Arts Club Theatre Company,
Sept 22 to Oct 22,2011
Vancouver, BC: The best aspect of this production for me was the way David Roberts' set design and Ted Roberts' lighting came together to create a realistic setting of a typical studio space in a school or community centre. At first we see only a opaque, reflecting rear wall of the studio up stage but back lighting reveals a corridor with more rooms opening off the far side. I really liked this effect - it transported me back to some of the weird and wonderful classes I took at local community centres.
Light in the Piazza
Music and lyrics by Adam Guettel
Book by Craig Lucas
Direction and musical staging by Peter Jorgenson
Musical Director Sean Bayntun
Patrick Street Productions
Annette and Norman Rothstein Theatre
Sept 15 to Oct 9th, 2011
Vancouver, BC: In musing about my response to the show, I finally concluded that I really admired the production but was a little disappointed in the work itself. So what on earth do I mean by that? In brief, the production values from cast, musicians and the creative/technical teams were excellent but I just could not connect with the music.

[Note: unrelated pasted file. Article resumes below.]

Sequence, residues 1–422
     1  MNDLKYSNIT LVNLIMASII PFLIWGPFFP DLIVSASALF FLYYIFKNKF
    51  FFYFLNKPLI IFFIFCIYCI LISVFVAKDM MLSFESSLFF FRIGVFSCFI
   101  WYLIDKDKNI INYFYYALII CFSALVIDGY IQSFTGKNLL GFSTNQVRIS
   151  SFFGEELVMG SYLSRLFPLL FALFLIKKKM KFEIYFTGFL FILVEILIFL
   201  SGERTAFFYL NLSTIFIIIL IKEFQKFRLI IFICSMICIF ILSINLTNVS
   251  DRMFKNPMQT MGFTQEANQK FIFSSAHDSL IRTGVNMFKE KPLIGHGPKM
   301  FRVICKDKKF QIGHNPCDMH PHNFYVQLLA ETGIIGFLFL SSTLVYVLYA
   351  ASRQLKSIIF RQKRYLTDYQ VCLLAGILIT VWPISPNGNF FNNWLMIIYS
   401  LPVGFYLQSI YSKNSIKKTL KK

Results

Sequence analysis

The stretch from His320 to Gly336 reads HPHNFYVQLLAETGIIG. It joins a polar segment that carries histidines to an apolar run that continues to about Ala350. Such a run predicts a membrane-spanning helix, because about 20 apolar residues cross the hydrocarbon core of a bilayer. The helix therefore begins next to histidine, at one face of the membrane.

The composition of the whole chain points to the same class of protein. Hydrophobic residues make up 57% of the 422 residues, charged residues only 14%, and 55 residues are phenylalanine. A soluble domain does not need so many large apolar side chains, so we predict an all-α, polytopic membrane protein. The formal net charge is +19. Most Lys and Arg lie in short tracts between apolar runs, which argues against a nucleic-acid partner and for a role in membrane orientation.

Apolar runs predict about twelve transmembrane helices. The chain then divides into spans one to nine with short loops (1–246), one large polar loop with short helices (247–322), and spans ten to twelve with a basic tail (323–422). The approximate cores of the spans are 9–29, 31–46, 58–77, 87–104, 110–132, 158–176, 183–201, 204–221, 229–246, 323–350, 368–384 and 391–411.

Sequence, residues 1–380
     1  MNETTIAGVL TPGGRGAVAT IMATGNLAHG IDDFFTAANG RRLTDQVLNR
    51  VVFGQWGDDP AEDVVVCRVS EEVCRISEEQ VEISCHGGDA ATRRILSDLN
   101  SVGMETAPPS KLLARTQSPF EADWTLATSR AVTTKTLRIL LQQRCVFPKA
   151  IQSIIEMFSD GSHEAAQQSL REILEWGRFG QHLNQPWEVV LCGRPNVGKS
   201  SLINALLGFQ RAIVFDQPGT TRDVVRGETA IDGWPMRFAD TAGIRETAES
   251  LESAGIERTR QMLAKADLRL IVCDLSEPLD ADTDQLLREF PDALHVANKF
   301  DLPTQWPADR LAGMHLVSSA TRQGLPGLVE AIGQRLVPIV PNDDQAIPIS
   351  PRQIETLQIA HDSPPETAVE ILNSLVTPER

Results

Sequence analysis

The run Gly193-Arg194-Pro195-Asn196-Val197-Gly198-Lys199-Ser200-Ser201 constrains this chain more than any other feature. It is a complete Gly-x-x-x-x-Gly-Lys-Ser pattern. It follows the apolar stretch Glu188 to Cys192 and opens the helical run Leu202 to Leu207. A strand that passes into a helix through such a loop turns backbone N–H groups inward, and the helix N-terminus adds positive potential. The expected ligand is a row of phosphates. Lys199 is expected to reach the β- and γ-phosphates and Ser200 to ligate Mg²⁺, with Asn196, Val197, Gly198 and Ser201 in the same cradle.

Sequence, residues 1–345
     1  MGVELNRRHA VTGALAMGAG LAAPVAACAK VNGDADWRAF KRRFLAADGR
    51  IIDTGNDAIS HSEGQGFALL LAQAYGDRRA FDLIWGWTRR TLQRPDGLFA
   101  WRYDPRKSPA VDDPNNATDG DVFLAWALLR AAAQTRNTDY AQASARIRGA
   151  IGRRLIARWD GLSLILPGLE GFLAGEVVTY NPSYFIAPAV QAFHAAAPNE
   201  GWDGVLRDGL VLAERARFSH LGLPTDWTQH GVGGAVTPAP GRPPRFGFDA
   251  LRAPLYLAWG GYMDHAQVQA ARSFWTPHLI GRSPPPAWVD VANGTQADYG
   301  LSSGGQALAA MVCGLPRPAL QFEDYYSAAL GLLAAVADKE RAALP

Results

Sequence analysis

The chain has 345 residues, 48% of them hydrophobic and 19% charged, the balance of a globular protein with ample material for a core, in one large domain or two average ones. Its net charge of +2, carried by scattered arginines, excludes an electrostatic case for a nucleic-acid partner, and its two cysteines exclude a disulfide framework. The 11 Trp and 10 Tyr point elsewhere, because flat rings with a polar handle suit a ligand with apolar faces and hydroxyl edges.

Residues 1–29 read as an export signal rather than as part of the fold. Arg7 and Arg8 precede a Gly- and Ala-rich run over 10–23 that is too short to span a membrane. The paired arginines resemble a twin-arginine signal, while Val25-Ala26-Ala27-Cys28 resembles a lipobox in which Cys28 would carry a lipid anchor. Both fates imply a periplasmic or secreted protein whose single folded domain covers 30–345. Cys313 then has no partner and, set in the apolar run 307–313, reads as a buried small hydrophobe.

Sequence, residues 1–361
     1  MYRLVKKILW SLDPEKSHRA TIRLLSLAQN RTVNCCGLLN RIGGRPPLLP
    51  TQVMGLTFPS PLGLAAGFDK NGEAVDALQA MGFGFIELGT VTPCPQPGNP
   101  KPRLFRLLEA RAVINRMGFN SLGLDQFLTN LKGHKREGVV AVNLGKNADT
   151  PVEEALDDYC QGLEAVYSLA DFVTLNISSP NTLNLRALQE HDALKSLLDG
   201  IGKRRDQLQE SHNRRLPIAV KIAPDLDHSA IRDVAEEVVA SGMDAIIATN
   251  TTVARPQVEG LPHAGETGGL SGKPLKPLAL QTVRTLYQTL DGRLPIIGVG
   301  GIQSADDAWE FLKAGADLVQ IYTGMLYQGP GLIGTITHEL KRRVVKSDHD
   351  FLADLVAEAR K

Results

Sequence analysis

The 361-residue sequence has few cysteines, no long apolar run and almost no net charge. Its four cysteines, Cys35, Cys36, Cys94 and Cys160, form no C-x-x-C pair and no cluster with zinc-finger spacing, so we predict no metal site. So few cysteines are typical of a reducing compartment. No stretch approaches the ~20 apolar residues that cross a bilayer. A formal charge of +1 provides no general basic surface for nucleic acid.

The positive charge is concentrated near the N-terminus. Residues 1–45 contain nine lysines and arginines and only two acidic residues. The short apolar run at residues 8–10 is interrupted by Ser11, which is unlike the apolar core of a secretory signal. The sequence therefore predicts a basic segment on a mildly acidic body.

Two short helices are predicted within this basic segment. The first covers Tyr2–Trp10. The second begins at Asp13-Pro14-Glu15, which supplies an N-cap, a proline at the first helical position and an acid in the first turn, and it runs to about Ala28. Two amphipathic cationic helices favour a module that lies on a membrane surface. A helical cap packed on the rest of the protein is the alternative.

I guess for me contemporary show music is a bit like drinking an ultra-dry Alsace style Gewürtztraminer or Riesling versus one from the Mosel or Rheingau. Both may be exceptional quality but I enjoy the latter far more. Having read previous critical raves about Guettel's music I was hoping, and I think, expecting, the melodic music of the old style musicals, from which tunes continue to play in my head long after I have left the theatre. Instead, as several of us agreed, we enjoyed the orchestral music and admired the ability of the cast to sing those intricate songs but the songs were not memorable, at least to our musically unsophisticated ears.
It was down to the last three Fringe performances that I could fit into my insanely crowded schedule, and the day was grey and rainy. Did I really want to take the ferry across to Granville Island and stand in lineups in the rain? Luckily the skies cleared and by the time I needed to leave it was dry and quite pleasant. I packed my umbrella into my knapsack and set off to the ferry dock for a quick ride over to the island, and was really glad I did. I had been looking forward to hearing Melanie Gall sing Piaf since I heard her sing while I waited in line-ups for the earlier shows, and she did not disappoint me. The Sparrow and The Mouse is my favorite show of the selection of 8 plays I managed to see in this year's Fringe.